Back in June, Senators Rubio and Kaine introduced legislation to extend and expand sanctions directed at the Government of Nicaragua. The bill builds upon the NICA Act of 2018, passed under the Trump Administration, and RENACER of 2021, a Biden Administration-supported bill. Quixote Center provided analysis and information about both bills in this 2021 post.
A key feature of RENACER was a threat to “review” Nicaragua’s participation in CAFTA, the Central American Free Trade Agreement. It also restricted new loans from the World Bank and InterAmerican Development Bank. Both measures were designed to pressure the Nicaraguan government by restricting access to loans and investment used for economic development. An October 2022 Biden Administration executive order extended the earlier sanctions to prohibit investment in certain economic sectors, specifically gold, and provide a mechanism for restricting trade and investment in other sectors.
The new legislation, the Restoring Sovereignty and Human Rights in Nicaragua Act of 2023, would extend the current sanctions regime through 2028 and expand the economic sectors targeted for restriction to include gold, cattle, coffee, and “any other sector of the Nicaraguan economy identified by the Secretary of the Treasury.” This stipulation prevents both investment and trade; the reasoning is that the Nicaraguan government has imposed taxes (like any functioning government) and therefore stands to gain from these and other profitable sectors.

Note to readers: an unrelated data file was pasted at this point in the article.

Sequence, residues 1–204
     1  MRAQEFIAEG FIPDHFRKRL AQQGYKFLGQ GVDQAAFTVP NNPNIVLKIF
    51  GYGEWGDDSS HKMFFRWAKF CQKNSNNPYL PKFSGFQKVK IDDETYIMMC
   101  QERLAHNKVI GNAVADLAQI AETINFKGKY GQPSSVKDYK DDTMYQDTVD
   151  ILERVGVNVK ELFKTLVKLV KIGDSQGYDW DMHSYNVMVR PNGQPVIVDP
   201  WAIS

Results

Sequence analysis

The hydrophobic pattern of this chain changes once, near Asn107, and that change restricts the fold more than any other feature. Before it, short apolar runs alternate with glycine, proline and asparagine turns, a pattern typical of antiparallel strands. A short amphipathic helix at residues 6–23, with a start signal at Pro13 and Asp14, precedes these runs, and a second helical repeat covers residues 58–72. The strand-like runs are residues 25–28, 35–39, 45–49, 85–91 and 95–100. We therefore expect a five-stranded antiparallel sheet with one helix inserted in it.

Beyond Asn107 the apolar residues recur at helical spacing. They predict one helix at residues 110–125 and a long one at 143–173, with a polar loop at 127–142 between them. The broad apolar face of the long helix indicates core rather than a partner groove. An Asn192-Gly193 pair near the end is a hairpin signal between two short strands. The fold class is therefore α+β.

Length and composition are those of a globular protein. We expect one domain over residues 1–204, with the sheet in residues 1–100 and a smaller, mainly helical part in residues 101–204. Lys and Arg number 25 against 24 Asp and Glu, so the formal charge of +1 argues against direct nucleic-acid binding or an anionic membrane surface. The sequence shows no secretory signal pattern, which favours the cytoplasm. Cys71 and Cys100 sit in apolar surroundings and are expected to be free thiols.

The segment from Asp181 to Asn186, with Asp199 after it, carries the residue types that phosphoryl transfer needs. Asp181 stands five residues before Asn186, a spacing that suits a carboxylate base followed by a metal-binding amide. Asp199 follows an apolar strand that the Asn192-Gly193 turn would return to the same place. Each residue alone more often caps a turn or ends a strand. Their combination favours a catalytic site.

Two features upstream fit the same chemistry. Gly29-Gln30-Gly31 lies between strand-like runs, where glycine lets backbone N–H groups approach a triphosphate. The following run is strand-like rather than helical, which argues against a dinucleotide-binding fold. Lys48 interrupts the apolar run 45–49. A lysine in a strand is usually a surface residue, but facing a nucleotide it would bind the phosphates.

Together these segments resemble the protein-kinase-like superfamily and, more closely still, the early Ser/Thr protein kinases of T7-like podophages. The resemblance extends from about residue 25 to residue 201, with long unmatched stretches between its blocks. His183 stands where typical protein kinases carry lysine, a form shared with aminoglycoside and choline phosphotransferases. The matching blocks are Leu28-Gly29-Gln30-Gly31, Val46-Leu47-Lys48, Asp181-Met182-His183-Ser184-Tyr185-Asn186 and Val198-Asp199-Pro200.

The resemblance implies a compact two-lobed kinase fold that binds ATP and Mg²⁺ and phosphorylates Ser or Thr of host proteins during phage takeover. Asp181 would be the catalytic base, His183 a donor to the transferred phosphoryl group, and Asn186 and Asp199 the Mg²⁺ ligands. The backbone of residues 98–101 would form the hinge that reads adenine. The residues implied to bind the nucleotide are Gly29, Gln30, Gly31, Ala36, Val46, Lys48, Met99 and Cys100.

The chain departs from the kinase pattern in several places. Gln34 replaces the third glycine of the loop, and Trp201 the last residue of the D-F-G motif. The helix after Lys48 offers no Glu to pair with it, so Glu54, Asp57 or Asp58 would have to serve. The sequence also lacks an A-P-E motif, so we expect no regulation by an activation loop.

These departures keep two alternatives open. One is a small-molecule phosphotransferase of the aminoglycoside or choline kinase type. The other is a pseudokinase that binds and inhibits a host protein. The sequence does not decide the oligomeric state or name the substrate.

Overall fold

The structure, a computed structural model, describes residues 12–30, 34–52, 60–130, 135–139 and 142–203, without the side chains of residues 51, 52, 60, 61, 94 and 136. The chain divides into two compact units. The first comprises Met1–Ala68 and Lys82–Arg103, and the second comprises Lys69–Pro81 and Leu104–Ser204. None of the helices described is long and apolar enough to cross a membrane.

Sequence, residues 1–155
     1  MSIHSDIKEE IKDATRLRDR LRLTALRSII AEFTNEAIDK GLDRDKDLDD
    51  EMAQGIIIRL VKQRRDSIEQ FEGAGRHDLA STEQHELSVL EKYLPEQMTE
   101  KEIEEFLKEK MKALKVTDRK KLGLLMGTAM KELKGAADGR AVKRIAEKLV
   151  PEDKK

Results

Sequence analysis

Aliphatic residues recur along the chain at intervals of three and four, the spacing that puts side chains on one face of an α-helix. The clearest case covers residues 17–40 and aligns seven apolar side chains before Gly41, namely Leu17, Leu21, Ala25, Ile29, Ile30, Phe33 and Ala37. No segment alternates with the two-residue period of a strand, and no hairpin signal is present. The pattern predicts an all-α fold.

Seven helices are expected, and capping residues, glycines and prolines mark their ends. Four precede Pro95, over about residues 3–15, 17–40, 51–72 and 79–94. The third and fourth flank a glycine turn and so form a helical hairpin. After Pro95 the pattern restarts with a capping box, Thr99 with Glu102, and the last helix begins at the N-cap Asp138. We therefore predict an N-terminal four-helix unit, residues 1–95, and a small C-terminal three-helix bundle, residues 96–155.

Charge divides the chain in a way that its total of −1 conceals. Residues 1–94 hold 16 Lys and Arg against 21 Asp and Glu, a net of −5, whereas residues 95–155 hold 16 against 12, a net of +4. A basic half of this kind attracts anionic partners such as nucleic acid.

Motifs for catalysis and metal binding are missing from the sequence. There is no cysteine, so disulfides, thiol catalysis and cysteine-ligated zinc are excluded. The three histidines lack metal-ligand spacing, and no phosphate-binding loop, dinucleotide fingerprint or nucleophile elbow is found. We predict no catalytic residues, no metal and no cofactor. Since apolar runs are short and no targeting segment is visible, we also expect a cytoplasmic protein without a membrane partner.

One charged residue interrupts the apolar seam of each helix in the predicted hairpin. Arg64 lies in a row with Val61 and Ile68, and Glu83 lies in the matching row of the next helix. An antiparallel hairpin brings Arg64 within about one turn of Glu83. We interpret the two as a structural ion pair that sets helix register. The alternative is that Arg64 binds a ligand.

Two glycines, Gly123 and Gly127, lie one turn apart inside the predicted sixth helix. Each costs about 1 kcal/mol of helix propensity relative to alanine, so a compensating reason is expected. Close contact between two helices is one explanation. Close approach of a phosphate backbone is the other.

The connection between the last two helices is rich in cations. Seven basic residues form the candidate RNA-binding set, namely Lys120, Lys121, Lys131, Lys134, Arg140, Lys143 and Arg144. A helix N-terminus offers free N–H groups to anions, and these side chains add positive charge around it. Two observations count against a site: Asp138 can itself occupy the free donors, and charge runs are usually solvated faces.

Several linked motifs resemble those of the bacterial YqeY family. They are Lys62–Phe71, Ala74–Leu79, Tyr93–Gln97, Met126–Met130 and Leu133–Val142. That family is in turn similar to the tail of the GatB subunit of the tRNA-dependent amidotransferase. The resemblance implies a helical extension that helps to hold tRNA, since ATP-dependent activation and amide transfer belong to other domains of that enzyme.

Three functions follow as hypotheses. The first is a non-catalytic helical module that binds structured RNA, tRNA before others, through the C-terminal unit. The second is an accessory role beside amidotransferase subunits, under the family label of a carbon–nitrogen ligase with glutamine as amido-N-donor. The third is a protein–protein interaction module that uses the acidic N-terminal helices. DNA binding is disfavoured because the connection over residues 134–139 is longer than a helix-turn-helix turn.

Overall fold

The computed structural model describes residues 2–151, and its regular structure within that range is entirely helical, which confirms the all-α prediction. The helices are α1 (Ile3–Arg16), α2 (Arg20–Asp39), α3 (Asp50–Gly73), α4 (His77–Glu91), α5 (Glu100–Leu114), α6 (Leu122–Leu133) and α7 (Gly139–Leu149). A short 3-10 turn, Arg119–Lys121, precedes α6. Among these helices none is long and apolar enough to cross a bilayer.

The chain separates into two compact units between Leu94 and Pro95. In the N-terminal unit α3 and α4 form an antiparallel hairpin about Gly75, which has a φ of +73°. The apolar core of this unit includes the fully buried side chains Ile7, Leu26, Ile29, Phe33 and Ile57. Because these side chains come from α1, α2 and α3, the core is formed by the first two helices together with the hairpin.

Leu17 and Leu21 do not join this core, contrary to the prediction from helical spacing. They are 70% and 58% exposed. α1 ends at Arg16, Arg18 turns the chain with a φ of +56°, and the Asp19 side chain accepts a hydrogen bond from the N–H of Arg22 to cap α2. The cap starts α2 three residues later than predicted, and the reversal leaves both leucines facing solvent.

The new legislation also extends U.S. government interference in Nicaragua’s ability to obtain loans for development by authorizing the State Department to pressure other Central American governments to oppose any loan or financial or technical assistance through CABEI (Central American Bank for Economic Integration) to the government of Nicaragua for any reason. If effective, because of the earlier restrictions on World Bank and IDB loans, this could severely damage Nicaragua’s economy and substantially restrict Nicaragua’s ability to invest in infrastructure improvements, such as roads and water systems.
The legislation criticizes the Nicaraguan government for human rights violations, especially against the Catholic Church, and objects to its refusal to support Ukraine in the war with Russia. The stated purpose of sanctions is to force democratic elections and end violence and other human rights violations against civilians. In other words, the purpose of the sanctions is to force leadership change.
No matter how one feels about the Nicaraguan government, the key question is who sanctions actually harm. The U.S. sanctions regime obviously bothers them, because Nicaraguan President Daniel Ortega complains about it. But sanctions in place since 2018 have not led to the government’s collapse. Prior sanctions against Cuba and Venezuela had similar goals with similar outcomes. Economic sanctions do further impoverish ordinary people who are trying to figure out how to support themselves and their families. Intractable poverty leads to migration, and the last few years has seen unprecedented migration from Nicaragua. The same thing happened in Venezuela. Sanctions also provide the targeted governments a reason to blame the United States for poverty and lack of economic development.
Quixote Center stands in solidarity with the Nicaraguan people, opposing U.S. sanctions that make their lives worse. Instead, we call on our government to engage with the government of Nicaragua and other Central American countries to promote democratic processes and human rights in the hemisphere. The U.S.-Nicaragua relationship needs a reset.
You can contact your Senator here to express your concerns about sanctions against the people of Nicaragua.